There's a game they play at the Museum of Contemporary Art (MCA) when the Sydney International Art Series rolls into town called "the famous names game". So far the MCA has had Anish (Kapoor), Yoko (Ono) and Grayson (Perry). Then they had Pipilotti. Who?

MCA director Liz-Anne McGregor says Swiss artist Pipilotti Rist was a risk for the museum, with concerns Rist's wasn't a name that carried enough resonance outside the art world. They needn't have worried: the exhibition brought in a record 110,000 visitors.

With its uplifting imagery, colourful installations and music videos, it also became a magnet for users of social media. "It was really down to one thing," says McGregor, "the power of Instagram.

So what's next year's plan? "Black and white photography that's highly political," she laughs, introducing the next installment in the summer series: a retrospective of acclaimed South African photographer David Goldblatt.

Regarded as one of our greatest living photographers, Goldblatt has been documenting the history, people, politics and landscape of South Africa for six decades, including turning an unflinching lens on the rise and fall of apartheid.

"He's incisive, consistent and has a persistent eye when it comes to documenting injustice, persecution and oppression," says MCA curator Rachel Kent who travelled widely with Goldblatt in preparation for the exhibition.

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There certainly won't be any concerns about fame or infamy up the hill at the Art Gallery of NSW (AGNSW) come October, though, when it hosts the likes of Monet, Cezanne, Gaugain, Matisse, Picasso and Kandinsky - artist whose reputations are such that first names aren't needed at all.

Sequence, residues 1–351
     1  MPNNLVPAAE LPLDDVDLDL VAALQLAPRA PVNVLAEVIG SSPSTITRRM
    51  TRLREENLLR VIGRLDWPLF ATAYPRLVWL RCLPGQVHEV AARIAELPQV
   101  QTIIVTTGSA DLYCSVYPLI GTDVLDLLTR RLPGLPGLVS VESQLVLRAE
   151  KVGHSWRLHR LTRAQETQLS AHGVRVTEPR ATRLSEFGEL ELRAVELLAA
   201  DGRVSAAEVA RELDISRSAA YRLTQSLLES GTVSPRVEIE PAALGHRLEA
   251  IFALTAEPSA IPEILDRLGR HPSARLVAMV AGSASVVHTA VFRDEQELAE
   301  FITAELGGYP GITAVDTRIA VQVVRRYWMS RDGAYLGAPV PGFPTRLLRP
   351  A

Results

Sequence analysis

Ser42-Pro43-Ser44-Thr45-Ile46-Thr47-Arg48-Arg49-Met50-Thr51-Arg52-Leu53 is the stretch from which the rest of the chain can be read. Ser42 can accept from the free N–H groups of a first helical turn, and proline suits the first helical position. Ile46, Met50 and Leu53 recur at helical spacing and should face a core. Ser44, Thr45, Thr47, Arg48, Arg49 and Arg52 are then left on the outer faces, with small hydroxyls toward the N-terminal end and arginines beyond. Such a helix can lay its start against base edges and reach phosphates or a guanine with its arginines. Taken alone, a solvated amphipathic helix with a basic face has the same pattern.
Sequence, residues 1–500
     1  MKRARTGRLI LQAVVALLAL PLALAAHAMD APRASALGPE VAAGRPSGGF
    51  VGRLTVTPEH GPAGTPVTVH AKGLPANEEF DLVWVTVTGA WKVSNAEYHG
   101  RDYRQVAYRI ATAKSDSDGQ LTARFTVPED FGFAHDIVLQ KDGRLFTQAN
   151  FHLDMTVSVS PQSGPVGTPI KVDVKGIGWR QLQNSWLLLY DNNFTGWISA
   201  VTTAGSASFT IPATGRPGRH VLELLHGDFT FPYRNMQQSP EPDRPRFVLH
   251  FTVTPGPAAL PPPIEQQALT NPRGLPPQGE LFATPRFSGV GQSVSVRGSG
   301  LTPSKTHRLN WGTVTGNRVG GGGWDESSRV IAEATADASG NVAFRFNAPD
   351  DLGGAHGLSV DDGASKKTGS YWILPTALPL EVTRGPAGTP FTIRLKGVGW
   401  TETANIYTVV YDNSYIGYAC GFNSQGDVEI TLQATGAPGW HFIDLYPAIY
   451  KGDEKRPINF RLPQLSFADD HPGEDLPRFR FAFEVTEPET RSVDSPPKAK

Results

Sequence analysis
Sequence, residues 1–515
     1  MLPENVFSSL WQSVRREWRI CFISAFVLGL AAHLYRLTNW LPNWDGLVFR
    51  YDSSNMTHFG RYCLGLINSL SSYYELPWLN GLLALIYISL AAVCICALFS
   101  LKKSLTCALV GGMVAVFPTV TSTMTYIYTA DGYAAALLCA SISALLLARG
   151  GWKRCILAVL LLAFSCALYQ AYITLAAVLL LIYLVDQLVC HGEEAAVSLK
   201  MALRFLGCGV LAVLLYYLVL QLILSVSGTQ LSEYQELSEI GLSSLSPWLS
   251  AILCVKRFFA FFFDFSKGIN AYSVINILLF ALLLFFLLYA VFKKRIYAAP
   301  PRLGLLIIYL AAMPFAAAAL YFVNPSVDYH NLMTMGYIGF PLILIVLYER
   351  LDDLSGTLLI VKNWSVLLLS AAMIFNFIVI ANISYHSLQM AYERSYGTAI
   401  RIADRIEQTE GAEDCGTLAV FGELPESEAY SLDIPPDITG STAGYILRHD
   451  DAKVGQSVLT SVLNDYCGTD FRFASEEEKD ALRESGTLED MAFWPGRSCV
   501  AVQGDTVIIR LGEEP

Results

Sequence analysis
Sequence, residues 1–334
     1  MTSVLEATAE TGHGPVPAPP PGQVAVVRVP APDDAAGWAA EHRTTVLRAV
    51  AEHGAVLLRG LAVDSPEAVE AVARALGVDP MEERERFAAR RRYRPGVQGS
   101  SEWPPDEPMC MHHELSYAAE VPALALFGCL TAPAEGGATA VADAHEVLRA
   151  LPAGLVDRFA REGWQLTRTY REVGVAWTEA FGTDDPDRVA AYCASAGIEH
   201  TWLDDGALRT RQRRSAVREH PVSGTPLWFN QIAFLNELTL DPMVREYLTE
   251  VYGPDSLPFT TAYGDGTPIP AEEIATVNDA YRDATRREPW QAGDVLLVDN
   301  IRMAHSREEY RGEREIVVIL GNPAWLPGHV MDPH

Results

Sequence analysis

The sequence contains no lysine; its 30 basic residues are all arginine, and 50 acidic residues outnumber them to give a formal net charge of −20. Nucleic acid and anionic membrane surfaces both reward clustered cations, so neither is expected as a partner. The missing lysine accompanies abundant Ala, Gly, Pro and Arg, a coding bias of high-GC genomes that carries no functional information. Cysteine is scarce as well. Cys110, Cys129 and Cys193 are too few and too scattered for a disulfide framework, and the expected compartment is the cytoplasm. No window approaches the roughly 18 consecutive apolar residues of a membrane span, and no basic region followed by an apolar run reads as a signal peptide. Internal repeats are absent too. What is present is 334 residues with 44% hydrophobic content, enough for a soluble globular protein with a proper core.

Modern Masters from the Hermitage will see 65 works from the State Hermitage Museum of Saint Petersburg travel to Sydney. The collection draws together works painted between the 1880s and the end of World War Two from artists who drove the 20th century avant-garde. Two years in the making, the exhibition will be curated by Mikhail Dedinkin, deputy of the Hermitage's western European fine arts department.

AGNSW exhibition curator Peter Raissis says the exhibition will explore the "seismic shift" from the dominant naturalistic style to the abstract, with a diverse spread of artists united by their burning desire to innovate. His personal favourites include Monet's Poppy Fields (1890); Gauguin's The Month of Mary (1899) from the artist's second trip to Tahiti, considered "the high point of his artistry"; Picasso's Woman With a Fan (1908), "a perfect example of Cubism"; and Kandinsky's "sublime painting" Landscape (1913).

"There's always a huge difficulty in getting works by such famous artists and of this calibre to the other side of the world, especially when it's a matter of those works coming off display, they're not just in storage," Raissis says. "There has to exist a lot of goodwill and respect for that to happen."

Started in 2010, the Sydney International Summer Art Series is a collaboration between the two galleries and Destination NSW. In launching the series, NSW arts minister Don Harwin said the summer blockbusters have already generated more than $134 million in tourism and attracted more than 1.8 million gallery visitors.

Modern Masters From the Hermitage is at the Art Gallery of New South Wales from October 13, 2018 until March 3, 2019.

David Goldblatt is at the Museum of Contemporary Art from October 19, 2018 until March 3, 2019.